FNA- Iran’s Presidential Advisor for Legal Affairs Elham Aminzadeh lambasted a decision by US President Donald Trump to ban Iranian citizens from traveling to the United States, describing it as a violation of human rights.
“Given the (international) documents, Mr. Trump’s measure is a blatant violation of human rights,” Aminzadeh told FNA on Sunday.
Asked to express her views about the exclusion of the name of the main sponsors of terrorist groups, specially Saudi Arabia, from the list of states whose nationals are banned from traveling to the US, she said, “The US uses double-standards on countries which support terrorism.”
Blasting the US for not implementing the travel ban against countries like Saudi Arabia and other supporters of terrorism and even the Zionist regime, Aminzadeh said such a ban is imposed against countries like Iran which is fighting against terrorist groups in the region and this proves the US “support for terrorism”.
The Iranian Foreign Ministry on Saturday issued a statement to condemn Donald Trump Administration’s travel ban against citizens of seven Muslim nations, including Iran, and vowed to reciprocate the decision that it described as a great insult to the Iranians.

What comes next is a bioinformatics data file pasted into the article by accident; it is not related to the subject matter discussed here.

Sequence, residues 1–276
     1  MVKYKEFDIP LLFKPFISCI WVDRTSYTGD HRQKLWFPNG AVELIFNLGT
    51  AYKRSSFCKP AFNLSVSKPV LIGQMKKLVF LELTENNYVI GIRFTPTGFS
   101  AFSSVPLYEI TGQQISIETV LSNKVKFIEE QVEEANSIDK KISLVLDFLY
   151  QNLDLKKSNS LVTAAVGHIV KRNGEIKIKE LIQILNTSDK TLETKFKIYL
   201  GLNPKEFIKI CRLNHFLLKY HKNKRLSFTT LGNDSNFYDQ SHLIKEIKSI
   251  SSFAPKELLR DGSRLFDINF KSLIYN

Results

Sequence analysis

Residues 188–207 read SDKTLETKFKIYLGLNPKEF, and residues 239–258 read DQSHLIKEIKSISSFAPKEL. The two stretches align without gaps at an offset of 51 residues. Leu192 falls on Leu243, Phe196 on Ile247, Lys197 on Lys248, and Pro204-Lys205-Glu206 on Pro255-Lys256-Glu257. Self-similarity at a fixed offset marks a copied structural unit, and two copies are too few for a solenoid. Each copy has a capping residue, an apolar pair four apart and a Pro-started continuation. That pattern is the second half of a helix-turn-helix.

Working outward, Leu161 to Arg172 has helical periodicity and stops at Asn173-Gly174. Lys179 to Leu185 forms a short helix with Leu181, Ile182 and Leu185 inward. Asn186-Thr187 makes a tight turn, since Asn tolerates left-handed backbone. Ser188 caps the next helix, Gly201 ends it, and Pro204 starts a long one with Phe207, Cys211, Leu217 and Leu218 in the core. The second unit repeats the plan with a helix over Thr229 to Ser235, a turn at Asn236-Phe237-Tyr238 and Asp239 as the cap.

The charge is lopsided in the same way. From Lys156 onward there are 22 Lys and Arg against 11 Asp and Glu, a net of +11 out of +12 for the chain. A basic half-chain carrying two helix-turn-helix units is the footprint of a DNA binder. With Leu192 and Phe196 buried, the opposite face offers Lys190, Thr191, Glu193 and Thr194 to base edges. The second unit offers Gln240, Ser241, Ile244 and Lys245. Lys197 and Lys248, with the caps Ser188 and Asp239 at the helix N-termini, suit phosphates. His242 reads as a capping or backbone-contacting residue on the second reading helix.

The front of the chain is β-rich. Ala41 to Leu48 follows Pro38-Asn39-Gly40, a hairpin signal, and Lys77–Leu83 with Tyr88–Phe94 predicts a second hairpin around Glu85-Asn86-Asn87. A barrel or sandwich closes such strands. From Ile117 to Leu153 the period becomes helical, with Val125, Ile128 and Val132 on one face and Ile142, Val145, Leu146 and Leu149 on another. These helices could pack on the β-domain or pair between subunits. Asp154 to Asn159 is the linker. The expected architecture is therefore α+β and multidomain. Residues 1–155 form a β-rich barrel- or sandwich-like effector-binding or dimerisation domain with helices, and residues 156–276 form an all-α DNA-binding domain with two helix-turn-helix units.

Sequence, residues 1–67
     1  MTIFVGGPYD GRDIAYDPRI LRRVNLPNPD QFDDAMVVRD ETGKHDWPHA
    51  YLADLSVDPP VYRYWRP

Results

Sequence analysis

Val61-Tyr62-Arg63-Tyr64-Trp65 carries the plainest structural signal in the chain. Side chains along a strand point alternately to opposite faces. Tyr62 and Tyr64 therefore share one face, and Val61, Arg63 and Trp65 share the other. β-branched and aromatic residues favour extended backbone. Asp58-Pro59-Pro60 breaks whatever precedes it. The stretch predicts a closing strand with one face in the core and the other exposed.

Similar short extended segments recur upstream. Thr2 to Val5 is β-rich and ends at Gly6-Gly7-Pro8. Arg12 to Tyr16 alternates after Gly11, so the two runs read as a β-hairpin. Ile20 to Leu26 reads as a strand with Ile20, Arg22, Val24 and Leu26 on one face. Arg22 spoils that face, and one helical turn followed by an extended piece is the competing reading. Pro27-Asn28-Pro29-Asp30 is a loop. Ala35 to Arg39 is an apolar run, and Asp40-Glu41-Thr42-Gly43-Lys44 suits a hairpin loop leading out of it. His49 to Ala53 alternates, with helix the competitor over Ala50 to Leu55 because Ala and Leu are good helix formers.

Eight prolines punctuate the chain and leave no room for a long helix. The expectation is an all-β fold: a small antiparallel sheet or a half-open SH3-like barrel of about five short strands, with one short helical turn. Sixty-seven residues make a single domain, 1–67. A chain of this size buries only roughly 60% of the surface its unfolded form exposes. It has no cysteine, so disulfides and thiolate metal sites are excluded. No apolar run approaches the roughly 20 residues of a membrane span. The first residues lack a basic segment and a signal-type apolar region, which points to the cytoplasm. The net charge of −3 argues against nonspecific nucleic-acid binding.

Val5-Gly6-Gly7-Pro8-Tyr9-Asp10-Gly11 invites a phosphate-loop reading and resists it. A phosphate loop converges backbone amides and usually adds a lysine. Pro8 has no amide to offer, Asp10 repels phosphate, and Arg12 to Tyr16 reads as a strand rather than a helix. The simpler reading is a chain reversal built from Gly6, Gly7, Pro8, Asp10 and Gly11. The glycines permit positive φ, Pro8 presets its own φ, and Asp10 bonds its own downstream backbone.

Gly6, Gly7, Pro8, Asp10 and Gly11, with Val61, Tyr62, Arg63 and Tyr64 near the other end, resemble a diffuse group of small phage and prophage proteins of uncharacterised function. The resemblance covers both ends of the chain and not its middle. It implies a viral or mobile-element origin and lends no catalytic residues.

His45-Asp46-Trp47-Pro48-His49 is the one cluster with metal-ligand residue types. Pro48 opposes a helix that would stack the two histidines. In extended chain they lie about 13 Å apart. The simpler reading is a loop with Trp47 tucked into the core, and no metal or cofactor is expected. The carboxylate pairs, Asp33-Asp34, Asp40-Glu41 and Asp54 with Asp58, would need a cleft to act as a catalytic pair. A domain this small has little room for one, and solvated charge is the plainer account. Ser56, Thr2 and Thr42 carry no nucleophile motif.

“The United States administration’s decision to impose a ban against Muslims’ travel to the US – though for a temporary three-month period – is a flagrant insult to the Muslim world, specially the great Iranian nation; and despite claims about confronting terrorism and protecting security of the American people, it will be recorded in the history as a great gift to extremists and their sponsors,” the statement read.
The Iranian foreign ministry further underlined the need for global dialogue and cooperation against radicalism and violence, and noted that the UN General Assembly’s unanimous endorsement and ratification of Iran’s ‘World Against Violence and Extremism’ (WAVE) proposal few years ago is yet another indication that Washington’s decision for imposing the ban is an “undigested move” that would deepen the gaps among nations and provide a chance for terrorists and extremists to recruit sidelined youth, and would, hence, promote violence and extremism.
In addition, this decision has forgotten to pay heed to “the US security and intelligence agencies’ reports and the previous statements of current US officials that underlined the role of the US administration and its regional allies in the creation and spread of such extremist groups as ISIL”, it added.
The statement also said the US administration’s decision “has targeted the Iranian people and is an obvious insult to each and every member of the Iranian nation, which displays the United States’ old allegations about friendship with people despite differences with the Iranian government have all been baseless and indicates the US government and its domestic and foreign influential circles feel collective grudge against all Iranians worldwide”.